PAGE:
Labour’s new shadow women’s minister has waded into the row over a university academic accused of transphobia, saying she is “greatly concerned” by Kathleen Stock’s role in the group LGB Alliance.
Taiwo Owatemi, who was recently appointed to the frontbench role, said in a letter to a Coventry-based women’s group that LGB Alliance — of which Stock is a trustee — “should be rejected by all those who believe in equality”.
Stock, a philosophy professor at Sussex University, recently revealed she had been advised to hire bodyguards following calls from students for her to be sacked over her opposition to gender self-identification and support for single-sex spaces.
She said she has been forced to move her teaching solely online over threats to her safety — a development that has been criticised by the university’s vice chancellor Adam Tickell, who said staff had an “untrammelled right to say and believe what they think”.
Tickell’s statement was, however, criticised by the Sussex branch of the University and College Union (UCU), which said he had not upheld the dignity and respect of trans students and staff by issuing his support for Stock.
And in a letter to campaign group Women Coventry posted online, Owatemi – who represents Coventry North West – indicated support for the union, which also urged the university’s management to “take a clear and strong stance against transphobia at Sussex”.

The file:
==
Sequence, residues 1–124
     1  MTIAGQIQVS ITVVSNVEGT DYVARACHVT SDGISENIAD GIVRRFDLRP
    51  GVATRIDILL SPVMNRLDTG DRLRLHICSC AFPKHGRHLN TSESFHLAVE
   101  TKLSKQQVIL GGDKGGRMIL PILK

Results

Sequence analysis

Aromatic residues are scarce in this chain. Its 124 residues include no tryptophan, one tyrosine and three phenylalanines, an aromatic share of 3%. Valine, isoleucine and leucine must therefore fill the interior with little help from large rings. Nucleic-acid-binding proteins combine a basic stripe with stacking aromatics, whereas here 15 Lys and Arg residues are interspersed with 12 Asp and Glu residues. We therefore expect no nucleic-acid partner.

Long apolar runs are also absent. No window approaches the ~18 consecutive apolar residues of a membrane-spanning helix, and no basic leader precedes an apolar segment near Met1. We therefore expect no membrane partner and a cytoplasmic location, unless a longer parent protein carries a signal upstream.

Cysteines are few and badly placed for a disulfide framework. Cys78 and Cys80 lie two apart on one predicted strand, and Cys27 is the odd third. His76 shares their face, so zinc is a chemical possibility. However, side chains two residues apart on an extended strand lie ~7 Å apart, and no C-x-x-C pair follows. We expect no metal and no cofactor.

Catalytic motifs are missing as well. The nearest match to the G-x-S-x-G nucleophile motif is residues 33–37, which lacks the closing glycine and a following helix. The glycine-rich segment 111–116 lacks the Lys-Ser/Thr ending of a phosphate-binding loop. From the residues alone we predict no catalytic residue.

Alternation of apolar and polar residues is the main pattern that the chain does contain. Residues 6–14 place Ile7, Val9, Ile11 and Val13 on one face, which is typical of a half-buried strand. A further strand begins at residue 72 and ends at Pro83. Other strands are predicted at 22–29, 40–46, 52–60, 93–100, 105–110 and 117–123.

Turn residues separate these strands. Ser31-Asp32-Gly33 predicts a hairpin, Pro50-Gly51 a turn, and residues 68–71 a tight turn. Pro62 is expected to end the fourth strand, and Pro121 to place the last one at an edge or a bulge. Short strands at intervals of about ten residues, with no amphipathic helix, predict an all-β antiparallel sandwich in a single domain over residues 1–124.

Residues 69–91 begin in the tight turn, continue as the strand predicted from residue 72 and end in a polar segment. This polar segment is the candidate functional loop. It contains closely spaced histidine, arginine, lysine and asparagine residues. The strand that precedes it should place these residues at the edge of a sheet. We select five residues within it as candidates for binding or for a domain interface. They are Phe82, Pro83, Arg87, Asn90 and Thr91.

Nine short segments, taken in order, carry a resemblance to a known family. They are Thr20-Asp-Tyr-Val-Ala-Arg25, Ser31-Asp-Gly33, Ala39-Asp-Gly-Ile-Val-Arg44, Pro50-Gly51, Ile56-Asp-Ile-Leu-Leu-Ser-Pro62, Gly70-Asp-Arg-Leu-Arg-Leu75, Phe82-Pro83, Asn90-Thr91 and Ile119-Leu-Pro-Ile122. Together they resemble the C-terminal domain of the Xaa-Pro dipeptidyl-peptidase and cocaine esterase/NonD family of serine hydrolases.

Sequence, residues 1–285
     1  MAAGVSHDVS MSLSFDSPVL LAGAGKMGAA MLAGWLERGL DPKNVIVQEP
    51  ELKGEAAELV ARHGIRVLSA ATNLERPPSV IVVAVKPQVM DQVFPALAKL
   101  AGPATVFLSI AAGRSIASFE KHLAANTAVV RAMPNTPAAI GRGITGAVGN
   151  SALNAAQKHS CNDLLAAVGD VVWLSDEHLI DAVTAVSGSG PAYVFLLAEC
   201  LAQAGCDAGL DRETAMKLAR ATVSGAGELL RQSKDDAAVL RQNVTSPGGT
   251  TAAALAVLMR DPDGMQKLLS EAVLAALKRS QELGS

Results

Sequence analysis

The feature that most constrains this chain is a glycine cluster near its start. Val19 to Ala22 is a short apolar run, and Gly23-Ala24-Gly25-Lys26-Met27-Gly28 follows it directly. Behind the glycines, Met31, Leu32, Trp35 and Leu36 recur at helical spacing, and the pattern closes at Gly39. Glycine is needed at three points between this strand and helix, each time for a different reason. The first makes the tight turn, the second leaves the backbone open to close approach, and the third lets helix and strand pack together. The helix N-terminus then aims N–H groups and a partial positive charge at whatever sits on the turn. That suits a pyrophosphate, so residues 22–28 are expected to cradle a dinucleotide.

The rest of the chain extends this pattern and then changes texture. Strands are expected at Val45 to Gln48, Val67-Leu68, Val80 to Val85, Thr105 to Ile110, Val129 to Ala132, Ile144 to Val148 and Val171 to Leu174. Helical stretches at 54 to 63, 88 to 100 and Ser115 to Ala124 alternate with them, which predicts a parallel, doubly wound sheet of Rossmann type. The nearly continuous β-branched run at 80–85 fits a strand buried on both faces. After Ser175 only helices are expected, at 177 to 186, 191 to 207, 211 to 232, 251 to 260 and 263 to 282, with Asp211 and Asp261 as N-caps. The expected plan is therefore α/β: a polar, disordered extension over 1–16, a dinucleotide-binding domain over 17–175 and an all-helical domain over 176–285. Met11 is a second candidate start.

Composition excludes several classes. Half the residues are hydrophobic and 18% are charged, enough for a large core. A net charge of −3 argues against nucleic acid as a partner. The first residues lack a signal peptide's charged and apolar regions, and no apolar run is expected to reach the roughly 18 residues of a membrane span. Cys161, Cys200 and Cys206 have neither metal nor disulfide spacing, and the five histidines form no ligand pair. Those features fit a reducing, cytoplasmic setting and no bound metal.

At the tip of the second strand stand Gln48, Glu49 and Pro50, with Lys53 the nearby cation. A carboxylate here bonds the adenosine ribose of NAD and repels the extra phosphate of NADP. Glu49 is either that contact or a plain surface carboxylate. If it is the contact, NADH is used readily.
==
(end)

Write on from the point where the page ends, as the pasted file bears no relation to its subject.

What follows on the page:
“While I am not familiar with Professor Stock’s philosophical writings, I am greatly concerned by her work as trustee for the LGB Alliance Group,” Owatemi wrote.
“My predecessor as shadow minister for women and equalities, Charlotte Nichols MP, was highly critical of their activities, and I share their position.
“LGB Alliance — whose application for charitable status was opposed by over 50 LGBT+ groups, as well as politicians from all parties — should be rejected by all those who believe in equality.”
Owatemi listed her objections to LGB Alliance — which has been accused of excluding trans people — in the letter, including its apparent opposition to reform of the Gender Recognition Act, LGBT inclusive education and “rejection” of non-binary people, among other things.
“Every single one of these stances is diametrically opposed to my beliefs and the positions of my party,” she said.
“I note that an appeal against their charitable status is due to take place next year, and I will be monitoring the case with keen interest.”
Following Stock’s revelations, Tickell issued a statement in which he said he was “really concerned that we have masked protesters putting up posters calling for the sacking of somebody for exercising her right to articulate her views”.
Stock also received the support of a group of 700 academics from the GC Academia Network, who said they said they were “outraged at the campaign of sustained abuse to which she [Stock] has been subjected for years”.
In response to the letter, LGB Alliance trustee Malcolm Clark accused Owatemi of “misrepresenting” the group.
Owatemi said: “I was clear in this letter that I was not passing judgement on Professor Stock’s academic work, and did not call for action to be taken against her.”